Crisis Intervention & Emergencies

For immediate assistance during a crisis, please call RUPD x5111 (on-campus) or 911 if you are off-campus. If you are experiencing a psychological crisis and would like to speak with someone, please come to the Counseling Center (BLU 101) during office hours to speak with a clinician. After-hours, please call RUPD or visit your local Emergency Room.

If you are faculty, staff, or a student and have serious concerns about the mental health or safety of a student, please call the Counseling Center for a consultation. To report a concern, please use the Maxient system.

If you are a student who has experienced a trauma and are in crisis, The Counseling Center will receive walk-in visits from students who are experiencing emotional distress in response to traumatic events. Below, is a description of what one may experience following the exposure to traumatic events, and ways to attempt to cope.

Ways to Cope with Trauma

  1. What emotions or behavioral changes might people experience after witnessing or exposure to traumatic events?

Generally speaking, those impacted by trauma may feel more irritable than usual, experience more extreme mood shifts and feel anxious or nervous or depressed. They may experience intrusive images of the trauma, increased heartbeat, sweating, headaches or nausea. They may find it hard to concentrate or make decisions, feel easily confused and experience changes in sleeping and eating patterns.

  1. When should I seek professional help?

Many people are able to cope effectively with the emotional and physical demands brought about by a traumatic event using their own support systems. It is not unusual, however, to find that for some, serious problems may persist and continue to interfere with daily living. In other cases, your support system may be limited in its ability to help cope with the trauma. Individuals with prolonged reactions that interfere with their daily functioning and those with limited social support systems are encouraged to contact the Counseling Center to talk to a counselor who can assist them with finding constructive ways to cope with the emotional impact of their experience. Call us, we are here to help! 973-353-5805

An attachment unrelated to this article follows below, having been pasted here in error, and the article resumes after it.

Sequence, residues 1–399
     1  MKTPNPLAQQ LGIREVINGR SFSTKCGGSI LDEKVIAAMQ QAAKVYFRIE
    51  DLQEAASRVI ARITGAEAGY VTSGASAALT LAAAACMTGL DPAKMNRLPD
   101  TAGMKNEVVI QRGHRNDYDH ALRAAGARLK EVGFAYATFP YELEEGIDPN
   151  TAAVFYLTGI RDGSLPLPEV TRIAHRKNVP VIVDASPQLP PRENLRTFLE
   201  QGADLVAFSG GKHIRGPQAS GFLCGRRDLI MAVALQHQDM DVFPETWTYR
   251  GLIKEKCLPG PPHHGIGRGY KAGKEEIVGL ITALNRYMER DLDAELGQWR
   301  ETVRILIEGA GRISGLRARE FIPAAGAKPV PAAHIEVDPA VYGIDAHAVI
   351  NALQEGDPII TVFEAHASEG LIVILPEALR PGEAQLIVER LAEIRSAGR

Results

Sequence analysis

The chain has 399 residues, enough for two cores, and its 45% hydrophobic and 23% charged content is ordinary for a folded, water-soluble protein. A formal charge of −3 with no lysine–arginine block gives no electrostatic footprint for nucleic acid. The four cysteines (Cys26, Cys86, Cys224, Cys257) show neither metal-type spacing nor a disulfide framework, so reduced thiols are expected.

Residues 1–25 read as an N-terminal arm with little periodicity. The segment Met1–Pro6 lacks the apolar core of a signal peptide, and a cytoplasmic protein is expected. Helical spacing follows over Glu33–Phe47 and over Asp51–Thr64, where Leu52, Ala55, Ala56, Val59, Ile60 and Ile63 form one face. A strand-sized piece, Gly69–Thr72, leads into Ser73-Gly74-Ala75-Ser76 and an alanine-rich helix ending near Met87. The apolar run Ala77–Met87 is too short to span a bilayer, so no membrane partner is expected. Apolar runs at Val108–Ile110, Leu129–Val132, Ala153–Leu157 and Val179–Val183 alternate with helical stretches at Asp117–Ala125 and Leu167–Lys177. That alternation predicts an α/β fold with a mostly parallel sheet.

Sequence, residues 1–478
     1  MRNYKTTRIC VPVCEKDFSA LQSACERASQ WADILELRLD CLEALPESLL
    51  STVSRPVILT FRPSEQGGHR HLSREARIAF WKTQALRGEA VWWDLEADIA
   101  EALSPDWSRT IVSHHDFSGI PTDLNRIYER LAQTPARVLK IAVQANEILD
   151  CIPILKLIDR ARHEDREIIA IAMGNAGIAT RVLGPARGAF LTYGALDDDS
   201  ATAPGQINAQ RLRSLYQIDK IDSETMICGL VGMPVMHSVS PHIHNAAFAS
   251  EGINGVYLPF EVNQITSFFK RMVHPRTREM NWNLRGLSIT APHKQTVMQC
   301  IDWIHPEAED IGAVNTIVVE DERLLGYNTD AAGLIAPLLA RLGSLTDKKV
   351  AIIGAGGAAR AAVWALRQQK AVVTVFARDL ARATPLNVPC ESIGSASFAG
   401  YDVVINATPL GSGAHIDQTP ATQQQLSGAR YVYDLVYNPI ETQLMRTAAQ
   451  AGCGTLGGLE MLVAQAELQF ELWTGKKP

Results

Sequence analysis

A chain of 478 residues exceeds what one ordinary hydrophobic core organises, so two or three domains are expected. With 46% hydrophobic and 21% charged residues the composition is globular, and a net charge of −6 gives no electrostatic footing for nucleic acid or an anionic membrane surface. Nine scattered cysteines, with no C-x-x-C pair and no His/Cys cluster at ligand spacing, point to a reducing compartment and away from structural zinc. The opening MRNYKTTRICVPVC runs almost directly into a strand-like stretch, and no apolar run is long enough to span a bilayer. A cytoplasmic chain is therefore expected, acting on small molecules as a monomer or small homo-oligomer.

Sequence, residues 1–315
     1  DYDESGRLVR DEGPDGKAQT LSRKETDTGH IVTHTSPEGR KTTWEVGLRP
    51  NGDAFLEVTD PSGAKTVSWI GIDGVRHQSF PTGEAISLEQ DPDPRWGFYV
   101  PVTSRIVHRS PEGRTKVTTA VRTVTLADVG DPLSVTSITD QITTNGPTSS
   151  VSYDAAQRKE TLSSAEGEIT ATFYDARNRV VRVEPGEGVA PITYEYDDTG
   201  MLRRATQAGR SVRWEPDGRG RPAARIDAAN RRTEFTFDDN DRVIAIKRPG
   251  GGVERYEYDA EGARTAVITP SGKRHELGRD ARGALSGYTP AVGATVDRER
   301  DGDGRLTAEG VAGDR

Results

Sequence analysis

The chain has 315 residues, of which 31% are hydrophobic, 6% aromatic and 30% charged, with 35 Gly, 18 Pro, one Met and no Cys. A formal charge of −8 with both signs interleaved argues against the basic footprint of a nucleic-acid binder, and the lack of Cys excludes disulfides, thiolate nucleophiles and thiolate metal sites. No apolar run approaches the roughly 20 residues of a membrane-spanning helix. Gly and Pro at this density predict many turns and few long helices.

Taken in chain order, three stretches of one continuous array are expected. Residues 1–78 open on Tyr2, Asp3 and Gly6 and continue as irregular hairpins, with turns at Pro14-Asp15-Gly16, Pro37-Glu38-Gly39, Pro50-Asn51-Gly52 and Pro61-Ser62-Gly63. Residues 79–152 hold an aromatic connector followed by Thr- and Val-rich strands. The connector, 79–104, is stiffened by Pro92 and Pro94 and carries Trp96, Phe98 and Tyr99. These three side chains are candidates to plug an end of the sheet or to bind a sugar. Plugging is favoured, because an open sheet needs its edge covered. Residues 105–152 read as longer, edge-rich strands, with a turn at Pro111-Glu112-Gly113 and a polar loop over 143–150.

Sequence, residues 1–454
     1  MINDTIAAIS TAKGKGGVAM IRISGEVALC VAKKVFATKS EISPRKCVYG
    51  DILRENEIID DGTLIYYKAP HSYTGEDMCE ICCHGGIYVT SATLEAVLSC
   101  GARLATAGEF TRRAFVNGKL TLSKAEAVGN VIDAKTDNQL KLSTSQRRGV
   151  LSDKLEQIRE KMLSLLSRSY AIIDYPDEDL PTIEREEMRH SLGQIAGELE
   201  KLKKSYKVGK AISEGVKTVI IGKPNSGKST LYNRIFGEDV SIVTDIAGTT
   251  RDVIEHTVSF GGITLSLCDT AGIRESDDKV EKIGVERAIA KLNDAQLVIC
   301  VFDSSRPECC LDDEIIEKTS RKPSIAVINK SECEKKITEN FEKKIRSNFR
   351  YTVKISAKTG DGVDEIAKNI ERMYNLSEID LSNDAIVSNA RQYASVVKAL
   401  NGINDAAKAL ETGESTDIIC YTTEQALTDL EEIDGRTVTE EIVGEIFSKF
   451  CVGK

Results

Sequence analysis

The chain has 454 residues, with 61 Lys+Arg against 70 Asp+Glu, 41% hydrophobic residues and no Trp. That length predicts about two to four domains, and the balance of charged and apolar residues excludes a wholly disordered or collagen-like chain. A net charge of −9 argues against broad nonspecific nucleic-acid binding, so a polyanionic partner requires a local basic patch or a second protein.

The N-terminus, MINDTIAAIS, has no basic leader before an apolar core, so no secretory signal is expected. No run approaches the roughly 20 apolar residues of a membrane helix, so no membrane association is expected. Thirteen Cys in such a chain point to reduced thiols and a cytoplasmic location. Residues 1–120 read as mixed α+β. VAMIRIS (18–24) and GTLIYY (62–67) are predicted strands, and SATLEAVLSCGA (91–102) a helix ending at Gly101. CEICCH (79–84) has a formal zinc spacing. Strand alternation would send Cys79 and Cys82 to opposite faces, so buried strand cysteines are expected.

1. What can I do to help myself and my friends and family?

Allow yourself time to heal. Recognize that you have been exposed to a traumatic experience and this may be a difficult time for you. Be patient with changes in your emotional state or functioning. Establish routines that bring comfort and predictability to your life and plan pleasurable activities.

If the traumatic event has media coverage, take a break from television or other forms of media. Maintain a balance between your desire to remain informed and the awareness that repeated viewings of the aftermath of the disaster may continue to exacerbate the effects of the trauma by witnessing it over and over again.

Talk to friends and family members who are able to listen and empathize with how you are feeling. Eat well-balanced meals, get plenty of rest and exercise to give your body more fuel to cope with the additional stress. Avoid alcohol and drugs as means to cope with distressing feelings or sleep difficulties as these interfere with the healing process and may cause other complications. If possible, avoid making major life decisions or changes at this time because these activities are in themselves stressful and demand coping skills that may already be taxed at this time.

Find a productive way to help someone if you can. Helping in some way can provide a way to feel some level of "control" over a traumatic event, which may otherwise make one feel helpless or overwhelmed. Keep things in perspective. Although a trauma or disaster is often horrifying, you should also focus on those things that are good in your life and in the world.